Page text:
Multibillion-dollar tax hikes will only exacerbate Illinois’ weak economic activity
The latest report from the Commission on Government Forecasting and Accountability shows Illinois experienced falling tax collections, indicating trouble in the state economy. Spending reforms – not tax hikes – are what Illinois needs to right its fiscal ship and boost economic growth.
Based on one measure of economic health – how much a state collects in tax revenues – it appears Illinois is flirting with a recession. Illinois’ drop in state tax revenues compared to 2016 is driven in part by slow business activity, a weak job market, stagnant incomes and fewer taxpayers. Illinois’ economy and the people who depend on it are struggling despite a booming stock market and a national economy that has finally gained traction.
Despite those struggles, Illinois politicians continue to promote multibillion-dollar tax hikes in lieu of meaningful spending reforms and pro-growth policies as a solution to the state budget crisis. Tax hikes would put even more strain on taxpayers and businesses. Some Illinois residents and employers already are operating under recessionary conditions.
According to a recent Moody’s Analytics report, four of Illinois’ metro areas in Illinois are already in a recession and four more are on the verge of one. Moody’s measures a metro area’s health based on its manufacturing activity, housing starts, house prices and employment rates.
The state’s falling tax collections reflect their findings.
According to the latest report from the Commission on Government Forecasting and Accountability, or COGFA, shows Illinois state government’s revenue collections are $1.3 billion down, or almost 6 percent, from this time in 2016. While the state collected $22.1 billion through this time last year, it has only taken in $20.8 billion year-to-date in fiscal year 2017.
Stagnant personal income and sales tax collections is bad news for Illinoisans. Illinois’ economy isn’t showing the same signs of growth as other parts of the nation. In fact, no metro area in Illinois has entered the expansion phase of the business cycle, according to Moody’s. Illinois is the only state in the region to have that poor distinction.
Even more concerning is the $749 million, or 49 percent, drop in corporate income tax revenues. To make things worse, federal funds from Washington, D.C., also fell $486 million, or almost 23 percent compared to this time last year.
COGFA’s report authors wrote: “[Revenue] weakness is widespread, and resulted in year-over-year losses in key areas such as income taxes and federal sources.” Its previous observations noted that Illinois’ major sources of revenue were “experiencing levels of weakness not seen since the last recession.”
Moody’s goes a step further and declares that “Illinois is one of the Midwest’s weakest links, reflecting both soft job creation and the state’s descent into fiscal quicksand.”
According to the Moody’s study, Illinois “is home to four of the Midwest’s eight metro areas in recession.” Those areas are Bloomington, Carbondale, Peoria and the Quad Cities. The report further notes that economic recoveries in other communities, including Elgin, Danville, Decatur and Kankakee, are “at risk of coming undone.”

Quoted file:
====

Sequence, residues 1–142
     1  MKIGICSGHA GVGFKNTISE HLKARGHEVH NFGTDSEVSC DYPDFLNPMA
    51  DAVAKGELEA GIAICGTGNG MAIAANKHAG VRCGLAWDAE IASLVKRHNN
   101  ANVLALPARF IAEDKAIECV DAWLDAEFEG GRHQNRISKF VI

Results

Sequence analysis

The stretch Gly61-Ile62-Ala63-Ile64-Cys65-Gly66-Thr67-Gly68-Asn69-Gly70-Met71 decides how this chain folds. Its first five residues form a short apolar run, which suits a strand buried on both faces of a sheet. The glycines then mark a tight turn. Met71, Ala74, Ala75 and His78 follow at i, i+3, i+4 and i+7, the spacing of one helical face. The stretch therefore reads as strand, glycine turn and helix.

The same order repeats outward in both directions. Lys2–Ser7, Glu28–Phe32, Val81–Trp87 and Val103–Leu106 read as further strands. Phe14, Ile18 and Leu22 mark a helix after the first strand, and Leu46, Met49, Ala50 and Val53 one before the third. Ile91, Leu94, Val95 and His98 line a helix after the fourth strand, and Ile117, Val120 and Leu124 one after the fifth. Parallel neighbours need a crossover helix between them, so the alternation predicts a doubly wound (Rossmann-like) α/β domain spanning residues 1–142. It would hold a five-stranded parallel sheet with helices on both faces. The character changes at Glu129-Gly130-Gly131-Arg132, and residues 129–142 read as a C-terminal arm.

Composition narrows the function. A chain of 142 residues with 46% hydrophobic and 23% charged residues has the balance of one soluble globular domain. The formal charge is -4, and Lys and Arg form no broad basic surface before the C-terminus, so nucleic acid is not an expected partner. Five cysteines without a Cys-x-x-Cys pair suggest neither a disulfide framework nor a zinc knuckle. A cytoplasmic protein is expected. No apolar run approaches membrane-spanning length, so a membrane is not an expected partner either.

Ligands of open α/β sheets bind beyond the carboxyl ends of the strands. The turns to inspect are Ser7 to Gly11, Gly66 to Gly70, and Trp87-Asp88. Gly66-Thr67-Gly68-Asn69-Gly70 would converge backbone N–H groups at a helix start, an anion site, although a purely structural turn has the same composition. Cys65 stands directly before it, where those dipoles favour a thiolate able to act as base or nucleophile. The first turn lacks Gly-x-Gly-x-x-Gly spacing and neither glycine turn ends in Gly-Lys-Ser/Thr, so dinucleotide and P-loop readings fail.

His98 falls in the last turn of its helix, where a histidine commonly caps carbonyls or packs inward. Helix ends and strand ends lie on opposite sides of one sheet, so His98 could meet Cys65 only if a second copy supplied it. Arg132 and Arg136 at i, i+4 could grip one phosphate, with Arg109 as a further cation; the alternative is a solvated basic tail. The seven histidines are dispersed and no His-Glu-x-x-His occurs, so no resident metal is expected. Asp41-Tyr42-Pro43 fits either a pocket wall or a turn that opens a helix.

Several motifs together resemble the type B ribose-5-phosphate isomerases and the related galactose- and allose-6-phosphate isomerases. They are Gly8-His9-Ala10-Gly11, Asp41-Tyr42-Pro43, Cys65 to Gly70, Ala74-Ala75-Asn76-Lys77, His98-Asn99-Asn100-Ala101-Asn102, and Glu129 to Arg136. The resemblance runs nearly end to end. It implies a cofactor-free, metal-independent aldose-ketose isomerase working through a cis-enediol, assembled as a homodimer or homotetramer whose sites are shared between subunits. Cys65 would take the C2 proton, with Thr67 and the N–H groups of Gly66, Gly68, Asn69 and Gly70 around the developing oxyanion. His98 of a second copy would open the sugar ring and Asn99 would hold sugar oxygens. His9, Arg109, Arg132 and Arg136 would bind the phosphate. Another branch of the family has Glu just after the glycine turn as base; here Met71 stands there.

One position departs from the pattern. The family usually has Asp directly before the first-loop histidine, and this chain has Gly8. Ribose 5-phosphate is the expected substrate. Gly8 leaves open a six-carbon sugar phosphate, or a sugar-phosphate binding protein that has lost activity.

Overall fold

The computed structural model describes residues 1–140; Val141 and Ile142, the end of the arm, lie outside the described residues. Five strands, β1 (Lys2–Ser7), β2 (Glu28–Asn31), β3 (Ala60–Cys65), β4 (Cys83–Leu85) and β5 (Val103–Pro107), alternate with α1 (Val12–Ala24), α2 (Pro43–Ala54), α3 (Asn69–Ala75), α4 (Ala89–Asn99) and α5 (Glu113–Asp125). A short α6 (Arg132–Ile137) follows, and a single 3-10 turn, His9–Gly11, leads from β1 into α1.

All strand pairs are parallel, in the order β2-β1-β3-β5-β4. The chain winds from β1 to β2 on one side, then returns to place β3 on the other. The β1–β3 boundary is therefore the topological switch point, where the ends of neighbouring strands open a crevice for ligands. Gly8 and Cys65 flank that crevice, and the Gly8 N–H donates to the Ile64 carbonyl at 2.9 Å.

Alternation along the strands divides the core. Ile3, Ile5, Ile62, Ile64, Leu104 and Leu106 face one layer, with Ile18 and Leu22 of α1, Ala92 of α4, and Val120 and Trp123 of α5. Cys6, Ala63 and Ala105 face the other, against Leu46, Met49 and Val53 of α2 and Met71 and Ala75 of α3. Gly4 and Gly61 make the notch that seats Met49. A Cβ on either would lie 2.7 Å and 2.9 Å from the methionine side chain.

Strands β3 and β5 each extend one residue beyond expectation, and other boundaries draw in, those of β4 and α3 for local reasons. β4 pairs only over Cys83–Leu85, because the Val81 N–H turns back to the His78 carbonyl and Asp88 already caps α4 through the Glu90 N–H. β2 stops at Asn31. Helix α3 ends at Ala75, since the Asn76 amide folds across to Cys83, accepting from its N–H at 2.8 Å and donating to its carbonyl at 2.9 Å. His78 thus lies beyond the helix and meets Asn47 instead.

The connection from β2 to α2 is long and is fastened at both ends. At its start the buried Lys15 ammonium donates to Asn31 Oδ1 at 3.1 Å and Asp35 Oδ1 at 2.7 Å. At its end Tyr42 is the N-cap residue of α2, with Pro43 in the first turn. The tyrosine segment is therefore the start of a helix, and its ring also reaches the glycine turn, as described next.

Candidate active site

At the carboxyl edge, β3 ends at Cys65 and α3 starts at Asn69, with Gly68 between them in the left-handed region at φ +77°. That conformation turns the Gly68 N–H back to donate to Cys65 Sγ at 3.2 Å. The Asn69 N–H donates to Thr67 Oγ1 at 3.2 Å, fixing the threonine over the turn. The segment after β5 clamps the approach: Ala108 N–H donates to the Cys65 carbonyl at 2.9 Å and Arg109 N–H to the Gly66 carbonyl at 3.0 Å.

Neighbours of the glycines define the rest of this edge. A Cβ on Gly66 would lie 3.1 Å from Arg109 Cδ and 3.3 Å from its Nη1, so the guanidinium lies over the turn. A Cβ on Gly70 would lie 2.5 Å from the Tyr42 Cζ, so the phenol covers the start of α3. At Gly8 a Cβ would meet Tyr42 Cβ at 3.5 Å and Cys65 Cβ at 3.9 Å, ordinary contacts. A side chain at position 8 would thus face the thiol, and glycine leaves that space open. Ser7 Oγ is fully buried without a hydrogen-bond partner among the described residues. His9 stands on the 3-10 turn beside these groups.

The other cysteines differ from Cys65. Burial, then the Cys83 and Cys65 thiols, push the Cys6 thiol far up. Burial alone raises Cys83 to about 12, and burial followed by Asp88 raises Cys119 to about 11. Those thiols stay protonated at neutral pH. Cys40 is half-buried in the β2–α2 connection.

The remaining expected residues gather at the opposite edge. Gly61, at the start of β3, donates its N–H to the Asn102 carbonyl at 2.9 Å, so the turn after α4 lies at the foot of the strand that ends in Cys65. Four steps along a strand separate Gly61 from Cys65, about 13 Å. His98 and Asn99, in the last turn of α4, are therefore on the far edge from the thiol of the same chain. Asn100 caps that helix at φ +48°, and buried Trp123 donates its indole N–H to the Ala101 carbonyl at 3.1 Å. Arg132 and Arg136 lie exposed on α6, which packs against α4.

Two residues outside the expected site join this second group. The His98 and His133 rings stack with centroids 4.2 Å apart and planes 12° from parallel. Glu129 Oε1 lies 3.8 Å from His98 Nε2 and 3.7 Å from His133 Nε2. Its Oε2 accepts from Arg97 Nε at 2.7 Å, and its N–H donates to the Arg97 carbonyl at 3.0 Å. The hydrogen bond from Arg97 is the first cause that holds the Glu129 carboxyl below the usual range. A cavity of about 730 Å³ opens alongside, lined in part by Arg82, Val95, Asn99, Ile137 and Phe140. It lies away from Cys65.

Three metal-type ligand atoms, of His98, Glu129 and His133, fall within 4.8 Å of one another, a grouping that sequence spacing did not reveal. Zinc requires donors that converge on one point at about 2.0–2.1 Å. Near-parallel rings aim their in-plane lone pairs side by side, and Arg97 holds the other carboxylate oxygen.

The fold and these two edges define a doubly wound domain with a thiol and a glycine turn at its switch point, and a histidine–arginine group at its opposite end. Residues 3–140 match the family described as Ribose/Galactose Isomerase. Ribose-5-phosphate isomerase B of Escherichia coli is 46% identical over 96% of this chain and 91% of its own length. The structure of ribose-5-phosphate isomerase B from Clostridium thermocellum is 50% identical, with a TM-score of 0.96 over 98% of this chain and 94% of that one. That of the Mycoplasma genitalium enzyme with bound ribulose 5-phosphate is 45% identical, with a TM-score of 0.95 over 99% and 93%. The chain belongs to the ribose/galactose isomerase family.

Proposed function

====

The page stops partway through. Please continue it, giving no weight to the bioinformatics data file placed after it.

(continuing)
These struggling communities – and the state’s economy as a whole – aren’t helped by the fact that Illinois is losing part of its tax base to other states.
Illinois has lost, on net, more than 1.2 million residents between 2000 and 2015, and those former residents have taken more than $40 billion in taxable income with them. Illinois’ total population has shrunk for three years in a row.
According to a recent poll by the Paul Simon Public Policy Institute, this trend may continue. Of the Illinois registered voters polled, 47 percent said they want to leave Illinois. Respondents cited taxes as the single biggest reason they wanted to leave.
Another poll, commissioned by the Illinois Policy Institute and conducted by Fabrizio, Lee & Associates, found that 60 percent of respondents said state taxes are already too high. A full 70 percent said their property taxes in particular were too high.
And nearly 80 percent of those polled agreed that “Illinois state lawmakers should pass major structural reforms before passing any tax increase” to resolve the state’s budget deficit.
These poll numbers make any state budget negotiation centered around a multibillion-dollar tax hike absurd. A tax increase won’t help to boost the economy or stop Illinoisans from moving. In fact, it would drag down the economy even further and push more taxpayers to move to other states.
Instead of debating how much to tax and the different ways to do it, the General Assembly should focus on policies that reform how it spends money.
A good start is the plan put forth by state Sens. Kyle McCarter, R-Lebanon, and Dan McConchie, R-Hawthorn Woods, called the “Taxpayer Bargain,” which balances the budget without any tax hikes.
McCarter said he refuses to punish taxpayers for what legislatures have done in the past, and instead plans to reward taxpayers with “a balanced budget that provides real-spending reductions.”
Much of the senators’ plan feeds off of the reforms already laid out in the Illinois Policy Institute’s Budget Solutions 2018. The Institute lays the groundwork for real government spending reform through a property tax freeze, while empowering local governments to control their costs. It also spells out true pension reform that protects state employees’ retirements while reducing the cost to taxpayers.
Illinois needs policies that keep its people here and draw residents and businesses in from other states. Tax hikes won’t do that.